LA Angels News

LA Angels Series Preview: Limping Yankees stumble into Anaheim

By Ryan Falla
ANAHEIM, CA - SEPTEMBER 11: Catcher Joe Hudson #44 and closing pitcher Ty Buttrey #31 of the Los Angeles Angels of Anaheim celebrate with a high-five after the MLB game at Angel Stadium on September 11, 2018 in Anaheim, California. The Angels defeated the Ranger 1-0. (Photo by Victor Decolongon/Getty Images)
ANAHEIM, CA - SEPTEMBER 11: Catcher Joe Hudson #44 and closing pitcher Ty Buttrey #31 of the Los Angeles Angels of Anaheim celebrate with a high-five after the MLB game at Angel Stadium on September 11, 2018 in Anaheim, California. The Angels defeated the Ranger 1-0. (Photo by Victor Decolongon/Getty Images) /
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Success doesn’t come overnight

I know all us Angel fans wanted to see the team pop out of the gates on fire even if we didn’t have the most confidence in the many working parts of the club going into the 2019 season. The problem here is that people are calling for Brad Ausmus’ head like the world is ending due to the Angels struggles.

Here’s the problem with that, success does not come overnightI know I stated so in the header of this slide, but you all need to hear it again. There is no magic formula for Ausmus to plug in and bring instant wins to the team.

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It is a long season and when you’re such a young ballclub; from front office, to management, to coaching, to players, you’re going to need time to evaluate the optimal configuration to bring long-lasting success. Not just success over a series or a week. Season long success.

The necessary changes are have been coming to light all month; at the beginning of the season people hated Tommy La Stella relegating David Fletcher to a bench role to open the season. People said that Ausmus was already blundering coming out of the gate and there was no reason Fletcher shouldn’t be started.

But guess what happened?

The little changes started coming, from Fletcher coming in as a defensive sub to covering backup duties at 3B and LF to the occasional start,  now we’re seeing him in the lineup everyday. By the end of the first week Fletcher was practically starting on the team; it only took one week for Ausmus to evaluate and allow the proper pieces to fall into place.

This is complete “anti-Scioscia” management. Scioscia was the type of manager to just shove someone into a role and expect them to perform. Ausmus, on the other hand, allows the pieces to fall into place and doesn’t try to force the team into one molding or another. That’s the key with young teams, let them mold themselves, don’t try to force them into a box like Scioscia would.

I know you’re all upset that Justin Bour is still starting regularly, but the fact is that Ausmus hands are tied there. We won’t be seeing any alternatives until Eppler feels that Matt Thaiss or Jared Walsh is ready to contribute competitive at-bats with the Angels.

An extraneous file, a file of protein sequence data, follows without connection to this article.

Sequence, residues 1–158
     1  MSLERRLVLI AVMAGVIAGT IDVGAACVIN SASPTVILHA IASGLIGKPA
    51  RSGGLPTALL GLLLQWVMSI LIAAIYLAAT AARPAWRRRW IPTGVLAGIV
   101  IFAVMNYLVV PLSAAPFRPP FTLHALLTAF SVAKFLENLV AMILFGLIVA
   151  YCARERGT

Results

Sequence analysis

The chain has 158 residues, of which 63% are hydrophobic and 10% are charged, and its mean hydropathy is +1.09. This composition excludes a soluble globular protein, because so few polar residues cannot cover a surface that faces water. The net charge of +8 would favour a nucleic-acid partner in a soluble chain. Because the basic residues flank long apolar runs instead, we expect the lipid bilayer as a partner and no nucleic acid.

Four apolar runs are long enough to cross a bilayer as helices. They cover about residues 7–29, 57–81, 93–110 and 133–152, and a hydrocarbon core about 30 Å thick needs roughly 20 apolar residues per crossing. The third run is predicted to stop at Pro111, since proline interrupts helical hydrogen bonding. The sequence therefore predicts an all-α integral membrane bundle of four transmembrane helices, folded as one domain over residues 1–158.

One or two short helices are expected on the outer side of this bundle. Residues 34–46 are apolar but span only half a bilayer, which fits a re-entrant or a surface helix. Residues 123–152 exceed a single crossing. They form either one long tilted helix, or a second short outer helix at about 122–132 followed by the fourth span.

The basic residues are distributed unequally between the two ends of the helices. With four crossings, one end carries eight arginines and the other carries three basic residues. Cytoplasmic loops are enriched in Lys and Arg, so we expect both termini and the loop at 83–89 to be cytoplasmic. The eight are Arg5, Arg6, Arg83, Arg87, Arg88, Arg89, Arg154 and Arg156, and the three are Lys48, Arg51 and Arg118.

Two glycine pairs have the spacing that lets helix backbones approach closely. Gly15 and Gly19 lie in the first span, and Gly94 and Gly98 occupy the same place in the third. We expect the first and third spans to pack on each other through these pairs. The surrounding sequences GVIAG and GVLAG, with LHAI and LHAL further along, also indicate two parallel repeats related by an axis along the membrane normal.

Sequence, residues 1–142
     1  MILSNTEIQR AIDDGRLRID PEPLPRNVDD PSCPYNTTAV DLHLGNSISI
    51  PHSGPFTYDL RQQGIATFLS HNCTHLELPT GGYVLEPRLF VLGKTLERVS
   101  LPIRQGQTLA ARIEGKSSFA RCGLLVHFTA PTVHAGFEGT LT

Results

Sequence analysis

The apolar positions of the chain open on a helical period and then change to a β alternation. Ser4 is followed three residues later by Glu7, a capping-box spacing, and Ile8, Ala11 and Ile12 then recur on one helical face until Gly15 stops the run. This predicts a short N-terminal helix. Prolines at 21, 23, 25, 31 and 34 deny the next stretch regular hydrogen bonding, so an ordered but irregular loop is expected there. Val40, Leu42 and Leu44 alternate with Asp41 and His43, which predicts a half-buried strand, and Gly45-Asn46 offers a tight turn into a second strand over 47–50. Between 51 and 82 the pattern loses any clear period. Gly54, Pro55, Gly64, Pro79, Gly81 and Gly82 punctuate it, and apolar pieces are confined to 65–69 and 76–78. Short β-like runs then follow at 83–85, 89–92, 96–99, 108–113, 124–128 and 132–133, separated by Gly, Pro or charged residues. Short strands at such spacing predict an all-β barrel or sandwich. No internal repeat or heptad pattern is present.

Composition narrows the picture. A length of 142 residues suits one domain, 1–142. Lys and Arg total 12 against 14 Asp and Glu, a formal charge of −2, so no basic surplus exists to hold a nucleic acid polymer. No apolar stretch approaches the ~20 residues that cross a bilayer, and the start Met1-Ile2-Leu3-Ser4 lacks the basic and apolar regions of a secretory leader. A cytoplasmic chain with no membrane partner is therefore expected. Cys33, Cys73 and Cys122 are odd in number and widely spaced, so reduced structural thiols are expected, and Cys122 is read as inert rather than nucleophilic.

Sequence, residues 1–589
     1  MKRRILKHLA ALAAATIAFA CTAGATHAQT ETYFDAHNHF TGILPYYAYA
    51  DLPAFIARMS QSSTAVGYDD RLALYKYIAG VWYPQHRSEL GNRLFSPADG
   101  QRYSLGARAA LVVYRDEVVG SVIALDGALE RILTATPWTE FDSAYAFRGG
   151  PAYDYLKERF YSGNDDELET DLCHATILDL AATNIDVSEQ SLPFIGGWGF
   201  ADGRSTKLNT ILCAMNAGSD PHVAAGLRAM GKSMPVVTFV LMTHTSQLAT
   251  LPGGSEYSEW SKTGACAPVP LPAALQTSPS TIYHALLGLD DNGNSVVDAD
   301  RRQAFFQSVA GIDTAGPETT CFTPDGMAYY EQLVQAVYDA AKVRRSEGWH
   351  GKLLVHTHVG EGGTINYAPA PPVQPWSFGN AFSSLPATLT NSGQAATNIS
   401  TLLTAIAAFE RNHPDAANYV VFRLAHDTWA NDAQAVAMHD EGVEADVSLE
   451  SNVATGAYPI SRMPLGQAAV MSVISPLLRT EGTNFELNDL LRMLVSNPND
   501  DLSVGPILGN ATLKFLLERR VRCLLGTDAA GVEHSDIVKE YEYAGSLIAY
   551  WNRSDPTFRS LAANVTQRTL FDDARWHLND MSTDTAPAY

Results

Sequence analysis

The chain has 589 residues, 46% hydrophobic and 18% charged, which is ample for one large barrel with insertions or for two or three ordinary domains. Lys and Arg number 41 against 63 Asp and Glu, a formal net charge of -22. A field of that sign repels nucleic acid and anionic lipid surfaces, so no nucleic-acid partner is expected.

I know everyone is upset with Bour’s lack of effort in his play recently and want him DFA, but at the same time the little improvements are being ignored over wants for immediate, overnight success.

No one seems to like Bour hitting #3 behind Trout, and while that doesn’t initially seem like the most optimal lineup it’s been looking better and better as the days go by. In the last 14 days Bour has complied a .296/.367/.370 slash line with 2 doubles and 3 RBI’s.

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That slash line shows an increased effectiveness in quality of swings and approach at the plate; even if the power numbers aren’t there we’re still seeing the little things coming together. At this pace of improvement Bour will be slugging the ball in no time, he may not turn into a raking machine but the trends all point to him returning to expected form.

This is what a proper manager does; he allows his players to earn trust and this is what we’re seeing with Ausmus. It isn’t just with Bour, he’s allowed Fletcher, Brian Goodwin, Tommy La Stella, and even Andrelton Simmons to earn his trust.

If Ausmus was managing the team the way everyone wanted him to then Andrelton Simmons would also have been a DFA candidate in the eyes of the fans given his poor state of hitting. But guess what, Andrelton Simmons was allowed to earn trust in his hitting and now he’s been killing the ball with his streak of 5 games with a double (6 total in 5 games).

Just as Andrelton Simmons was given the opportunity to earn trust it is so with Justin Bour and even Zack Cozart (but to a much smaller effect as he has shown no signs of improvement). The name of the game here is patience and trust that the talents will all fall into place if you allow them. So far Ausmus has managed with a strong, trusting hand, and it’s paying off. It may not be paying off in immediate dividends, but they will build up into something truly special.

Baseball is a marathon, it’s not a sprint. There’s nothing wrong with getting your legs under you. The Yankees are still putting it all together too, so it isn’t like this Angels team is an isolated case.

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